Computers for all? Dispelling the myth of accessible hardware in Indigenous communities



Publication Details

M. Eady & S. Woodcock (2010). Computers for all? Dispelling the myth of accessible hardware in Indigenous communities. 17th International conference on Learning Hong Kong: Hong Kong Institute of Education.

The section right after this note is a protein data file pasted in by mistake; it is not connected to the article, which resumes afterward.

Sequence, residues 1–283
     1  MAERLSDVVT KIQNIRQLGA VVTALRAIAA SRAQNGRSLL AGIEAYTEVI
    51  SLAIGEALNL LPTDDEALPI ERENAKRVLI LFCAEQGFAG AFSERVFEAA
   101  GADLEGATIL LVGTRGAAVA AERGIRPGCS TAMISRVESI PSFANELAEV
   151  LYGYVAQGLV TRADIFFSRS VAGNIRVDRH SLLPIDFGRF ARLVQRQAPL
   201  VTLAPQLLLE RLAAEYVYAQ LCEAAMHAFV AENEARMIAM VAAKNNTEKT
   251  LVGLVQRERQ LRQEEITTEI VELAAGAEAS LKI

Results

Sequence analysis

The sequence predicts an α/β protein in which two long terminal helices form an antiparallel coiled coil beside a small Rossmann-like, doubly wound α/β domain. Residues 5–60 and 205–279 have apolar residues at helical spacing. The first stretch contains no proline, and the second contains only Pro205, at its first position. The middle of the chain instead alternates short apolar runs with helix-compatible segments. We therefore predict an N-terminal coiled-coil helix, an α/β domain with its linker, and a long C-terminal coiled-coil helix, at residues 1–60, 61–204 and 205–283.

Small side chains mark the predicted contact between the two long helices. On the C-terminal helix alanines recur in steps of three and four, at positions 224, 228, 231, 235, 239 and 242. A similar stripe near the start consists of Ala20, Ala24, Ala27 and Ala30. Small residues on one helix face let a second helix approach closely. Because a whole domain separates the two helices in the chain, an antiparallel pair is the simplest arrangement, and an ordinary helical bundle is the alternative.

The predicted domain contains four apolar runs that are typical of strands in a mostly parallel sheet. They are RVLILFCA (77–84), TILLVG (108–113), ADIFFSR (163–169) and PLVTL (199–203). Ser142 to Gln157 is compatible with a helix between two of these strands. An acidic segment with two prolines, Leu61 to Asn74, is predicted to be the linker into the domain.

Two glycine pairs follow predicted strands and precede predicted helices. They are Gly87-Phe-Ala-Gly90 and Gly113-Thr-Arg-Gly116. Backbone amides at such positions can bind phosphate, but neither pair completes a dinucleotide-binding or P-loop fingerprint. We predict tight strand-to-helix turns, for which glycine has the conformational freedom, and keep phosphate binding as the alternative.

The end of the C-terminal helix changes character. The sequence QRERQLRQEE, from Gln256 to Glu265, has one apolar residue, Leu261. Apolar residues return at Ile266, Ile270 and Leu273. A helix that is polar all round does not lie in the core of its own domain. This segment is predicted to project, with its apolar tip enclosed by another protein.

Current reports and research trends suggest that up-to-date computer hardware and internet accessibility are widely available in most rural Indigenous communities. This paper presents a case study which shows that the problem of a lack of current hardware technology and related programs and internet accessibility has yet to be resolved. While adult literacy learners and community members are eager and adapt easily to technology, there remains several barriers to employment readiness and literacy learning opportunities using computers. There are many challenges faced by these community members, including accessing funds to purchase equipment, shipping issues, computer set up and operation experience, information technology expertise and computer maintenance funding shortages. In one research project, the Indigenous community involved once had a community computer lab assembled in a central location with user-friendly access hours for all community members. The recent economic down turn and community financial stress that resulted, caused a devastating effect on the technological luxuries enjoyed and utilized by the community and the learning and communication opportunities that were once available. This paper is based on current research constructed using a design-based research approach and using a qualitative practices including community focus groups, interviews and observations an Australian Indigenous community setting.

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